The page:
Shadow of Desire
Former journalist SARA CRAVEN published her first novel ‘Garden of Dreams’ for Mills & Boon in 1975. Apart from her writing (naturally!) her passions include reading, bridge, Italian cities, Greek islands, the French language and countryside, and her rescue Jack Russell/cross Button. She has appeared on several TV quiz shows and in 1997 became UK TV Mastermind champion. She lives near her family in Warwickshire – Shakespeare country.
TABLE OF CONTENTS
GINNY CLAYTON packed the last carton of groceries carefully into the back of the elderly estate car and slammed the rear door shut, with a smiling word of thanks for Mr Murgatroyd who had helped her carry the boxes out of the shop. The sometimes reluctant engine started at the second attempt and the car moved away slowly, bumping over the cobbles before easing on to the road and disappearing out of the market square.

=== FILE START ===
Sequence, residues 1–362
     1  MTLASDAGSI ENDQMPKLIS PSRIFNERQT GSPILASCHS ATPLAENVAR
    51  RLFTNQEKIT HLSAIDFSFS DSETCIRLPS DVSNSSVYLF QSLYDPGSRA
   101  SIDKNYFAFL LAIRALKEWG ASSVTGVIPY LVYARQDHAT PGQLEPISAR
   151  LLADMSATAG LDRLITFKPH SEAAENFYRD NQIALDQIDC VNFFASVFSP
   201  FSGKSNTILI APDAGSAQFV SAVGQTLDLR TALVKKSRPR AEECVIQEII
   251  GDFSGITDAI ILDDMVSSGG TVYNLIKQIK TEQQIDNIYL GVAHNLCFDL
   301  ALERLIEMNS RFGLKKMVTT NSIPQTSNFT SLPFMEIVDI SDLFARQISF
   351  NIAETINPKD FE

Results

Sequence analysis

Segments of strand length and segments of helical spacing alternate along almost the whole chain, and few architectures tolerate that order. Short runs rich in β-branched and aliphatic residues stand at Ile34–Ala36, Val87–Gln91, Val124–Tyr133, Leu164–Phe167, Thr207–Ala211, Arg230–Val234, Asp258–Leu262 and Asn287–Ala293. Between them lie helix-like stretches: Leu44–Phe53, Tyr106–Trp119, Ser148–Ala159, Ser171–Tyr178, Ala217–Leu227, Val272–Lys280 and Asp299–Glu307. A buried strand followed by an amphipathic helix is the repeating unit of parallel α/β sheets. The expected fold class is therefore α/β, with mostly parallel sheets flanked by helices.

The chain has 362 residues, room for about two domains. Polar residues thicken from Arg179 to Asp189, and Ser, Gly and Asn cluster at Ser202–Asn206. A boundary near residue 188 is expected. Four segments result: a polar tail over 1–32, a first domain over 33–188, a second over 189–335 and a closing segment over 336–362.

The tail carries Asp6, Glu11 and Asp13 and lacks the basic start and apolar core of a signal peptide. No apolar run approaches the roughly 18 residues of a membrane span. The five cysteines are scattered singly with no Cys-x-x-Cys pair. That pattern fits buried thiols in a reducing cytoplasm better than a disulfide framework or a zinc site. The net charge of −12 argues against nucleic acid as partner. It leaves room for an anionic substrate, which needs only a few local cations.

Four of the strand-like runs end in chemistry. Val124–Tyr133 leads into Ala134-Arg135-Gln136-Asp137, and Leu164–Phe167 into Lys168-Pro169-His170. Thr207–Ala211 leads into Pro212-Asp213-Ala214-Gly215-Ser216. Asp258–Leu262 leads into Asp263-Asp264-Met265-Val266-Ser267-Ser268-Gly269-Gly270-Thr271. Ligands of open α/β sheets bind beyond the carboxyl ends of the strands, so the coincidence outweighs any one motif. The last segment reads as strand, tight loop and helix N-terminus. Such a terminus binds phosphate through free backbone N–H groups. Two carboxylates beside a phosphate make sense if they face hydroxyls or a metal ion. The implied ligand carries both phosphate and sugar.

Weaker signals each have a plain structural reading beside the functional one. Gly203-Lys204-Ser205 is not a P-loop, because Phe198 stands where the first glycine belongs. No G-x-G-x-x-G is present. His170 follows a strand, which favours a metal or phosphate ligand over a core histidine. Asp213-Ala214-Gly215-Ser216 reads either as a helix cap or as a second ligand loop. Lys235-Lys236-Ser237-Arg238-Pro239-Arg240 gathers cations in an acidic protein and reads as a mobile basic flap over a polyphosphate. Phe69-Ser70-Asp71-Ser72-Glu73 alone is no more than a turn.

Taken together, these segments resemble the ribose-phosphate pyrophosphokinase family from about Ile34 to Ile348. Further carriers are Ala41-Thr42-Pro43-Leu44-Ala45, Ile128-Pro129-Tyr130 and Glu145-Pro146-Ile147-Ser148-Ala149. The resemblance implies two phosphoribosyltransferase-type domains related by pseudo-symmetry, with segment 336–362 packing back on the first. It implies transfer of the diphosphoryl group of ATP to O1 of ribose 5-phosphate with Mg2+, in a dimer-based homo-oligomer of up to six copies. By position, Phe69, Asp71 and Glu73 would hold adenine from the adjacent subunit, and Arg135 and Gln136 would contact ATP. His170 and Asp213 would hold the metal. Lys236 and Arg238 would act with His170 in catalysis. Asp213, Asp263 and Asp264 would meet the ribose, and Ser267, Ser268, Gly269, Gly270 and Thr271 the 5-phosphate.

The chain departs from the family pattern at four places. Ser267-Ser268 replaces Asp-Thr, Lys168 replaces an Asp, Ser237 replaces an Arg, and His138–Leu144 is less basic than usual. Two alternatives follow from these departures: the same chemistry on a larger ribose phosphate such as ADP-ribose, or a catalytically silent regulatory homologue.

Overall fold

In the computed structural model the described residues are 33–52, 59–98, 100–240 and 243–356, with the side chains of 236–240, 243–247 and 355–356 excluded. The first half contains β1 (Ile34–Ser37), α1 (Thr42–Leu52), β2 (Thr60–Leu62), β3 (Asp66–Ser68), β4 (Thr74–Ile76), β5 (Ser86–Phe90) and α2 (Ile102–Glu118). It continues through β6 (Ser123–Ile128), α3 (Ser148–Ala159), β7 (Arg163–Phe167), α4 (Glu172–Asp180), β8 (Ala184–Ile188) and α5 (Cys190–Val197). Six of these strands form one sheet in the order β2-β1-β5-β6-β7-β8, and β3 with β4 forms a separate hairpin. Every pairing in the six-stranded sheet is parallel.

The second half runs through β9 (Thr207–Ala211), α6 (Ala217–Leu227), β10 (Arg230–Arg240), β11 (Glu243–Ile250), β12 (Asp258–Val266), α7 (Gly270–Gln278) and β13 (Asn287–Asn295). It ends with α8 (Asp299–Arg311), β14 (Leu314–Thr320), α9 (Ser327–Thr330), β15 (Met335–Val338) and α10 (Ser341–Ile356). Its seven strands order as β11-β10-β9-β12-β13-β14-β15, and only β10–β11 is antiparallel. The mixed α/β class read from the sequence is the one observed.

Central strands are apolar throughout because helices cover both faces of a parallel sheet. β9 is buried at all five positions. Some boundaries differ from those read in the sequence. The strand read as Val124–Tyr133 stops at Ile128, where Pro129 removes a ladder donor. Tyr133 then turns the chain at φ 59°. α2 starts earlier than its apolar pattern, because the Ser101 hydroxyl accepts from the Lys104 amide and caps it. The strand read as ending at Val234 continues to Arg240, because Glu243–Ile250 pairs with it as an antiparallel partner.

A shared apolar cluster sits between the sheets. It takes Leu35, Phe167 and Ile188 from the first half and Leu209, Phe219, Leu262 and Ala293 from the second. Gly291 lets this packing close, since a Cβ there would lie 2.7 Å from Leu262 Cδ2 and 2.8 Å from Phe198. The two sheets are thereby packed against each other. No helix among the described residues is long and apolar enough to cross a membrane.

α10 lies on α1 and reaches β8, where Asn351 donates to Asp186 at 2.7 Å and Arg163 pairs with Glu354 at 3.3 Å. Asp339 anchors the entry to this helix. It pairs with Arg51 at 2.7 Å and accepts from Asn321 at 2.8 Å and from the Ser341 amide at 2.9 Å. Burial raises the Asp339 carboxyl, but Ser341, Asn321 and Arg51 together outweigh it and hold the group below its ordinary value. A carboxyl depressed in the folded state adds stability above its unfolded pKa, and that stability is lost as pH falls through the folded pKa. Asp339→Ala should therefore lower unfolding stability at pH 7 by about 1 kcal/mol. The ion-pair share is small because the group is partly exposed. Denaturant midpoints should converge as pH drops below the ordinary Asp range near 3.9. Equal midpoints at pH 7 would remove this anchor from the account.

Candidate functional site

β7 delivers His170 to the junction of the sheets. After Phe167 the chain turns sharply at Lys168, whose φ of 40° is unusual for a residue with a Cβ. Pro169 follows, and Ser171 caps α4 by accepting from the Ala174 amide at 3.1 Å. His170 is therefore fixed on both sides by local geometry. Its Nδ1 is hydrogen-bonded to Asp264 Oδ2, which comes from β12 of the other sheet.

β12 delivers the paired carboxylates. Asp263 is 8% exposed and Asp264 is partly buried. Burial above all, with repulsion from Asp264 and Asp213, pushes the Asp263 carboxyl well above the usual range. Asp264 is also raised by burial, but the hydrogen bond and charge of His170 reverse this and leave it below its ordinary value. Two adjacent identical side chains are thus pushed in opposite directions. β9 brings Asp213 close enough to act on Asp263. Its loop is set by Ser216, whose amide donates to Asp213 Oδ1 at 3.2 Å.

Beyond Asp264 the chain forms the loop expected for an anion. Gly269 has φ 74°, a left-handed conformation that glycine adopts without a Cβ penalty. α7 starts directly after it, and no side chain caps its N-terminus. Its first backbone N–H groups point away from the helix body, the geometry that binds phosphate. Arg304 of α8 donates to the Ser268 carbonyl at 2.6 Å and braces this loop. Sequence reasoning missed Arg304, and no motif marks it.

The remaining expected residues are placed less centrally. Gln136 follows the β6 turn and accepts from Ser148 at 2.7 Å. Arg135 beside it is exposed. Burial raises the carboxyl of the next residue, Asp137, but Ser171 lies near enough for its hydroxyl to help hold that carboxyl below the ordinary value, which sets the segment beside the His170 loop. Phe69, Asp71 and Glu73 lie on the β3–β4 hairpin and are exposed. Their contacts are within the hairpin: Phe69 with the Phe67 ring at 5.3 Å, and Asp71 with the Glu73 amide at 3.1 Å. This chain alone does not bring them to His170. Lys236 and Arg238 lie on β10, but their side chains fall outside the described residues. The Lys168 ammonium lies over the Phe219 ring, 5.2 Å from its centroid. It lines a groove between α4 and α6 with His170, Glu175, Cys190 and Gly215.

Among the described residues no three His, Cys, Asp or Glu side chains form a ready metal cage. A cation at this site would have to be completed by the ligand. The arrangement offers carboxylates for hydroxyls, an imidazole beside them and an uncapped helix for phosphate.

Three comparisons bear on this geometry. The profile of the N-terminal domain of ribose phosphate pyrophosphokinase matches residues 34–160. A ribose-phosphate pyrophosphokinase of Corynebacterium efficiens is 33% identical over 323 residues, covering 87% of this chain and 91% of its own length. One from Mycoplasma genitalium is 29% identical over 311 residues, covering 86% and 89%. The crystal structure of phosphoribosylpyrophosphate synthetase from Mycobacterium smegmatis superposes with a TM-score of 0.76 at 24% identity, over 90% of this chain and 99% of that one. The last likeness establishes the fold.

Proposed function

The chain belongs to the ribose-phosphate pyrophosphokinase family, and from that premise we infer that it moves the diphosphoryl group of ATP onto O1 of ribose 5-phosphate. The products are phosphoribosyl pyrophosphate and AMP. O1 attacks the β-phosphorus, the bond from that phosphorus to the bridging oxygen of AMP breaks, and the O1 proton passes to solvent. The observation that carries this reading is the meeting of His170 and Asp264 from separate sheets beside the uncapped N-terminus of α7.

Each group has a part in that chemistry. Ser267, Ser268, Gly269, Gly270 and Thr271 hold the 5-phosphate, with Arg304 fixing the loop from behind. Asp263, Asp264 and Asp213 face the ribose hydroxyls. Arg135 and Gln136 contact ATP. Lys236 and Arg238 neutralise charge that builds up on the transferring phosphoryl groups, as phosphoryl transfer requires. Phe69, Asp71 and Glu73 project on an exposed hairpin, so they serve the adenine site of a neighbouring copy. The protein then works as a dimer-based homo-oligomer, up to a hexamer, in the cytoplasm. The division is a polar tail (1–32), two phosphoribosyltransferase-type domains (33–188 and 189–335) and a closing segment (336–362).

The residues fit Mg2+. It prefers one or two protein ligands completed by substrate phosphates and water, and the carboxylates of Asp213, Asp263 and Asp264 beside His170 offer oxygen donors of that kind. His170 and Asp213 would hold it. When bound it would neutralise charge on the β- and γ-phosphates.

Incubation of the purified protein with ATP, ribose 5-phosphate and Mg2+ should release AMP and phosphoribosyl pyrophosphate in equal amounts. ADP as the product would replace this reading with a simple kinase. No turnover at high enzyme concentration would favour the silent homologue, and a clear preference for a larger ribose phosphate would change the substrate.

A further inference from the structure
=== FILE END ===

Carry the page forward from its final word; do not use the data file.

Mr Murgatroyd, dourly returning Ginny’s exuberant farewell wave, heaved a sigh before returning to the shop. His wife, busily pricing a new consignment of tinned fruit, looked up, and encountering his brooding look gave a sympathetic nod.
‘It just doesn’t seem right—a young lass like that, with all that responsibility.’ Mr Murgatroyd poked a cereal packet back into line on a shelf with quite unnecessary vigour.
‘There’s not many her age would take it on,’ Mrs Murgatroyd observed temperately. ‘The old aunt would have been put in a home, and foster-parents found for that young limb of a brother. She could have had a life of her own then.’